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About slaytonf

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  1. slaytonf

    Another "Best Years" query....

    That was me minting. I'd describe it as someone inoculating themselves against criticism for arrogance arising from their socio-economic status.
  2. That would be me, and here's the link to my thread:
  3. slaytonf

    Another "Best Years" query....

    Prophylactic modesty.
  4. slaytonf

    Funny Ladies.

    The Ex Mrs. Bradford (1936) is on this Wednesday the 17th at 9:15 AM Pacific.
  5. slaytonf

    Getting It Right

    Not bad, but if I had to have something running around in my head, I'd prefer it to be Ray Charles.
  6. slaytonf

    Funny Ladies.

    True, that's TCM's go-to pic for Ms. Davies. I like her in Blondie of the Follies (1932)
  7. slaytonf

    Getting It Right

    I completely forgot about commercials. Make that: each song will be heard six times a day. To get rid of that theme, try substituting it with Ray Charles' "You Don't Know Me." That's the best one on the list.
  8. slaytonf

    Getting It Right

    40 songs. +/- three minutes each. 120 minutes. 60 minutes in an hour. 24 hours a day. 1440 minutes a day. Each song will be heard twelve times a day.
  9. slaytonf

    Getting It Right

    I thought that was what radio did then. AM at least.
  10. That would be my guess, except it's not on this month. My only other suggestion would be The Face of Fu Manchu (1965).
  11. slaytonf

    Getting It Right

    I suggest that is why Mr. Lucas looked elsewhen for song material.
  12. slaytonf

    Getting It Right

    So what were the songs playing in '62?
  13. slaytonf

    Funny Ladies.

    Of the funny ladies up for acknowledgement tomorrow night, all of whom I admire, I have to say Jean Arthur is my favorite. But if I were king of the movie programming world, I would choose a different movie than the one being shown. The More the Merrier (1943) is a good movie. Can't fault the cast, the script, the director, and forgive me for descending to the crass, Jean Arthur was as hot in that movie as any actress was in any movie at any time--not a shabby feat, considering this was a pre-bikini world. (It just occurred to me what pictures a jokester would post in response. Oh well.) But there are one or two other of her movies I like better, like seeing her better in, and are underappreciated. The first is Too Many Husbands (1940). An outing in the spouse-gets-marooned-long-enough-so-other-spouse-gets-on-with-his/her-life genre of movie. This time it's the husband (Fred MacMurray) that disappears, and the wifey (Ms. Arthur) marries his publishing partner and longtime friend (Melvyn Douglas). Return the husband, hijinks ensue. It's cleverly written, and the two men do a fine turn as newly discovered frenemies. But it's Jean Arthur who sparkles, playing the long-neglected wife first of a globe-trotting adventurer (MacMurray), and then of a company-obssessed publisher (Douglas). Suddenly she's a princess with two knights tilting for her favor. She relishes the situation so wantonly it's a surprise it got by the censors. And the ending!--Wasn't it Preston Sturges who said you could get away with anything in a movie so long as it was a comedy? Must've been right. The other, and the one I think I'd choose to show is The Devil and Miss Jones (1941--and I know what a jokester would do with that.) I guess it's due to sentiment, as this is the first movie I recognized Jean Arthur in. The story revolves around labor unrest at a department store where Mary (Ms. Arthur) works, and whose main squeeze Joe (Robert Cummings) used to, until he was fired for organizing. The owner, impatient with the incompetence of his hirelings, goes under cover as an employee to seek out and destroy unionizers. Okay, I know it's an absurd premise, but it's a comedy, okay? There are plenty of great scenes, including one at an organizing meeting where the clandestine nabob is portrayed as a used, abused, screwed, and tattooed worker; one at a police beach substation where Joe turns the tables on the cops practicing their intimidation techniques; and one in a shoe stockroom where Mary, thinking the nabob is a detective, struggles with herself and some shoes in trying to disable him to get a list of union sympathizers. As good as the rest of the movie is, from the delightful and sometimes affecting writing, the witty direction that aptly complements it, to the supporting cast with familiar faces that form a line around the block--as good as that is, I say, it's Jean Arthur who mesmerizes and preoccupies the attention. And she has one scene near the end where she performs a feat of acrobatics, leaping over a desk, that is jaw-dropping. I've never seen an actress equal it--not even in today's super-heroine-studded movieland. And I've never laughed harder at a movie, not even Monty Python.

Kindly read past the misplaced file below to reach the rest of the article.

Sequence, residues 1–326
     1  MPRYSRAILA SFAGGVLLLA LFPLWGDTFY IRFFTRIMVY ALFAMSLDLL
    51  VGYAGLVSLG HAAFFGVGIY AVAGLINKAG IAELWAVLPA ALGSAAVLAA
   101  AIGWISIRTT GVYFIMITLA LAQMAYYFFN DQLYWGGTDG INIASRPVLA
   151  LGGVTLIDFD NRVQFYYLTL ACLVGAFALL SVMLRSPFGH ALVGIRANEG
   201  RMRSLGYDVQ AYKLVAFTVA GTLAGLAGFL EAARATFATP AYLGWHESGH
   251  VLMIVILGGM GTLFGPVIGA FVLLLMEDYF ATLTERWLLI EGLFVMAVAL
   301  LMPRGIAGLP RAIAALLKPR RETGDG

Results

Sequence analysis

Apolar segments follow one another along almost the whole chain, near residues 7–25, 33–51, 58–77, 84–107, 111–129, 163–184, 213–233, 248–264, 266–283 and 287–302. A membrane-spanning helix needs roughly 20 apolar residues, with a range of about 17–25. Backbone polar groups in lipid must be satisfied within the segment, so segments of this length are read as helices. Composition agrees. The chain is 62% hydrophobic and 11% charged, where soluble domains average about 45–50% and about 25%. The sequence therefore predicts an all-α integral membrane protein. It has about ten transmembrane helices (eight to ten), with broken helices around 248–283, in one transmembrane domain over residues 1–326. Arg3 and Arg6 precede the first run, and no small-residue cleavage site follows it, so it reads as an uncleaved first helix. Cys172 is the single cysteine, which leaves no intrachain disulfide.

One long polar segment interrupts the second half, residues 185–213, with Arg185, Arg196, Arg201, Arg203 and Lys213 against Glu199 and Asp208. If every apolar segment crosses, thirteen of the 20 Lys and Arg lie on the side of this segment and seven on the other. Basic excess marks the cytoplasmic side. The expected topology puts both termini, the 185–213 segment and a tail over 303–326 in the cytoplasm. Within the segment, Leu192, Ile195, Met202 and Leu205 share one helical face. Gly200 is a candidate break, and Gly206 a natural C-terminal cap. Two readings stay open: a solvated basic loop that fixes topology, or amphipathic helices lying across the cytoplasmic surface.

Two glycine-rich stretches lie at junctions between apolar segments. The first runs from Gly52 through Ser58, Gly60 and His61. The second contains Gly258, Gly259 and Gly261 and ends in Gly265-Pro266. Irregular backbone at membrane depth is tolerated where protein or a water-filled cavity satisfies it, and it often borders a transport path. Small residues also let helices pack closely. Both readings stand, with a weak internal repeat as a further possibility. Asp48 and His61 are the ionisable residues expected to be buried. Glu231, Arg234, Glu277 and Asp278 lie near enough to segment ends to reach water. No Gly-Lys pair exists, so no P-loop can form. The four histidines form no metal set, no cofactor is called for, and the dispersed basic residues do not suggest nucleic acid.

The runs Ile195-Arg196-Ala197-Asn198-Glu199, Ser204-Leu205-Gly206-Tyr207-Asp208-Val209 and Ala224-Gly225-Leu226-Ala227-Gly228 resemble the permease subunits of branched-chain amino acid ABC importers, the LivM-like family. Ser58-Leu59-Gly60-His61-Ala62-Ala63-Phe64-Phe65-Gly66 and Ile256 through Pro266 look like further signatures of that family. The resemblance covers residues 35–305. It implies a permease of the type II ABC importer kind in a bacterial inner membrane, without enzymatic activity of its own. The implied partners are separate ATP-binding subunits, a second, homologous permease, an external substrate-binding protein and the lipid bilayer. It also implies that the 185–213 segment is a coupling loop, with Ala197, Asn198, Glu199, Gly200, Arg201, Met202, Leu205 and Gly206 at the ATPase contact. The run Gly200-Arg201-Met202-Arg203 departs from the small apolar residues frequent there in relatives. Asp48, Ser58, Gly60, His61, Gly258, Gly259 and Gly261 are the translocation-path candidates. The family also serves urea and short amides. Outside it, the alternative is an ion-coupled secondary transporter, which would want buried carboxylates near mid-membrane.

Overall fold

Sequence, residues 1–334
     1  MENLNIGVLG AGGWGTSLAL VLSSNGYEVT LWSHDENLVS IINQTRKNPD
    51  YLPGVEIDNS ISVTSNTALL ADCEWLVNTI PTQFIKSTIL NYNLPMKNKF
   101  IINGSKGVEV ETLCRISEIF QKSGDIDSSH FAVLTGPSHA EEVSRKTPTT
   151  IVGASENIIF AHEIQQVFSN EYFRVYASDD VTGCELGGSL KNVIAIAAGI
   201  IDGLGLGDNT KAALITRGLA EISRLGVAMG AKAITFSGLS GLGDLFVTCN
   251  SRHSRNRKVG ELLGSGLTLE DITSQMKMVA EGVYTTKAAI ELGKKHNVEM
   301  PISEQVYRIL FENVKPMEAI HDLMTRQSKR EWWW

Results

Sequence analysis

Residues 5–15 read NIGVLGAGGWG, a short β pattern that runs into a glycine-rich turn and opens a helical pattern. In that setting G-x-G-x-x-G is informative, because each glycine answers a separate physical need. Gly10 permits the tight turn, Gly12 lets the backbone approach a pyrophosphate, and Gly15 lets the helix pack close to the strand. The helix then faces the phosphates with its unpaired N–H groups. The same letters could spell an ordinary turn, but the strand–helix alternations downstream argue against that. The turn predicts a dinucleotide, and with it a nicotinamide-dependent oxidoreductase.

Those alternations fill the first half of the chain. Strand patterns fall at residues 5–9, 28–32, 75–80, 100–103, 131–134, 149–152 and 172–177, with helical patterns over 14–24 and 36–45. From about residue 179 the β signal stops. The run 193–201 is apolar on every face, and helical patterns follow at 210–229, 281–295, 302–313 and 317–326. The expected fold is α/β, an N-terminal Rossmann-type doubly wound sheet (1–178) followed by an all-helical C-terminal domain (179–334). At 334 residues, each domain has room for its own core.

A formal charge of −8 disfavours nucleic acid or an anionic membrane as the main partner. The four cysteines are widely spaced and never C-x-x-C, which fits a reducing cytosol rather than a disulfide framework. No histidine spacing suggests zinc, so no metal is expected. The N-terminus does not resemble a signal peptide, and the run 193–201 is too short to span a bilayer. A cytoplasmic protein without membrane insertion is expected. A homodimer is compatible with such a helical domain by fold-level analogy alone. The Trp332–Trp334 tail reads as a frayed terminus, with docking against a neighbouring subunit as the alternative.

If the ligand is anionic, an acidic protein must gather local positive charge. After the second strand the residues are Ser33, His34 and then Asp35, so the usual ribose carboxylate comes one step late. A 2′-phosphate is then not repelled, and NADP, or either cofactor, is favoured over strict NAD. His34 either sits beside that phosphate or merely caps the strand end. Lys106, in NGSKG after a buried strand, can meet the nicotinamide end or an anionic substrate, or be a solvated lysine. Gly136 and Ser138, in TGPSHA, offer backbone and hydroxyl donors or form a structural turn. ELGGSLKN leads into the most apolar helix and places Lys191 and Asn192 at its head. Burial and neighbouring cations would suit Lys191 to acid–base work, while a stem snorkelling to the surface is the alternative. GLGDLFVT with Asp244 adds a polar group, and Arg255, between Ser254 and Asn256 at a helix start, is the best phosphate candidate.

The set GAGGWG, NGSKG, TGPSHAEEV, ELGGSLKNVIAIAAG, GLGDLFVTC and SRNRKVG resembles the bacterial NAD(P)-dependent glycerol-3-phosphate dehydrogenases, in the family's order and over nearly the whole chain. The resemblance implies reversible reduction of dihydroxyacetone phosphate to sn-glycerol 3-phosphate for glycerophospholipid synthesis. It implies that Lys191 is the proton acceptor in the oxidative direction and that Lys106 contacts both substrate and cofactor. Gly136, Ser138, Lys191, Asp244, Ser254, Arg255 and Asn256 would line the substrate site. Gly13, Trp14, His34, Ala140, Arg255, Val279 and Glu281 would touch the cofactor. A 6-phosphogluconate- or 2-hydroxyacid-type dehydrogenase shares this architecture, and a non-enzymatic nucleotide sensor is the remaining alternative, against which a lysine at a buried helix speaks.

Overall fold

14. Yeah, I hear that from a lot of people. I don't buy it.
  15. slaytonf

    Pauline at the Beach (1983)

    We're not done with Rohmer yet this month.

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